Because several of the back roads that I like to walk are not plowed during the winter, walking them until now has been impossible.
I struck out yesterday on a walk that we affectionately refer to as the loop. It is just under three miles and offers a walker a nice variety of woods, open pasture, and pond life.
The beaver bog just down the road is alive with birdsong, mostly red-winged blackbirds and grackles. If one looks closely enough, juncos and song sparrows can be seen feeding on the branches of low shrubs at the water’s edge, the buds of some starting to swell with life.
While I stood there taking stock of things, four Canada geese flew low over the pond, maneuvered a quick u-turn at the dam end of the bog and, maintaining their perfect military flight formation, headed back over the horizon from whence they came. I suspect they were looking for clear water and, discovering the bog still sealed by a thin glaze of ice, decided to postpone their return home for a few days.
If the weather warms and the ice melts for good, they will return to define their territories, build their nests, hatch their young, thus beginning anew creation’s loveliest miracle.
Unfortunately, there are those among us for whom the environment is but a dumping ground for whatever garbage they see fit to toss from their car windows or pickup truck beds. I guess making a weekly trip to the recycling center requires a bit more energy, and moral backbone, than they can muster. But then again, sloth has never been in short supply. It is bad enough to see our lovely roadsides littered with fast food containers and beer cans. Small potatoes, though, compared to the junk one finds all too easily along steep roadside banks and in creek beds.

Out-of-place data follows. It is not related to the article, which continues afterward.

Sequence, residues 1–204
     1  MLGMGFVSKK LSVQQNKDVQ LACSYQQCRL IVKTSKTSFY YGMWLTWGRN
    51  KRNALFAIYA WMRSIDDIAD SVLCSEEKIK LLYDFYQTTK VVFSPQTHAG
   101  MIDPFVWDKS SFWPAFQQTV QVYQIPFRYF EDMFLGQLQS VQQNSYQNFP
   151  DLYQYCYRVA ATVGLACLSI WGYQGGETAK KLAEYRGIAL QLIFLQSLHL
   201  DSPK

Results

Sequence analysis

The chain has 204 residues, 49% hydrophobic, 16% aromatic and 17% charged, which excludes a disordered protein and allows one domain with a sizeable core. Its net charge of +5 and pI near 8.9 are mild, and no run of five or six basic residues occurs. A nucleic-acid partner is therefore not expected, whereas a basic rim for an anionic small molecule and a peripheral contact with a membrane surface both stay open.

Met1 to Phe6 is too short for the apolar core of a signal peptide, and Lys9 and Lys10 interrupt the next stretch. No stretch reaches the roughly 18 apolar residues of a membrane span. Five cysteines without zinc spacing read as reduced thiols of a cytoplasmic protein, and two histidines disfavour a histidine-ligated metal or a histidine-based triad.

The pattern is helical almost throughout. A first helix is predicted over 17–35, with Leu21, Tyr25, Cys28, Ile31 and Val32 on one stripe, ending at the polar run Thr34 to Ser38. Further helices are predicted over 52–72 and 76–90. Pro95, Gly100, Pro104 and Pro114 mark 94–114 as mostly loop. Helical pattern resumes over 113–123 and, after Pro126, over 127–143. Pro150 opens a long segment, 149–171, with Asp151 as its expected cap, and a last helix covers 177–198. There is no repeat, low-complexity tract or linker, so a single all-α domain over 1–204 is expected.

Just across the road from the beaver bog Connel Creek starts its journey to Route 166 and points beyond. It meanders its way downhill around s-curves and over diminutive waterfalls, gradually widening into quite a deep gorge about a mile down the road. Thick carpets of dark green myrtle blanket its banks.
Come late spring, ferns and wildflowers will adorn the creek’s edge. It is a testament to the fact that one need not travel very far at all to experience the beautiful.
Unfortunately, some see these banks as ideal dumping grounds for unwanted appliances, tires, and all manner of unidentifiable junk. According to my count the other day, there were at least three old stoves, several refrigerators, and countless tires. I often walk with a bag and collect as much trash as I can, as do some of my neighbors.
The fact that some of us need to go out and clean up after a few slobs with the aesthetic sensibilities of slugs does not give one reason for too much hope. Unfortunately, there are plenty of reasons these days for despair.
Giving into it, however, is out of the question. I was brought up to believe each of us has an obligation to be a responsible steward of this land that gives us life. Clearly, that is not a sentiment shared by some.
Fortunately, most of the loop is unsullied. I heard lots of spring birdsong. Down by another beaver pond I watched two pairs of Canada geese cruise for food. And a pair of mallards dabbled along the water’s edge not far from the pond’s lone beaver hutch. By the time I got home my spirits were buoyed and I felt better about things in general. We do necessarily have to take the good with the bad, the right with the wrong, and the beautiful as well as the ugly.
Despite ending my walk on a spiritual high note, the unpleasant incongruities of life still puzzle me. Images of trash littered hillsides plague me.
As much as I welcome mystery as an essential component of the good life, there is nothing at all enigmatic about the littering imperative. Far too many of us seem awfully good at it, be it air polluting industrial waste or roadside trash. A line from a sixties song comes to mind: ``When will we ever learn, when will we ever learn?’’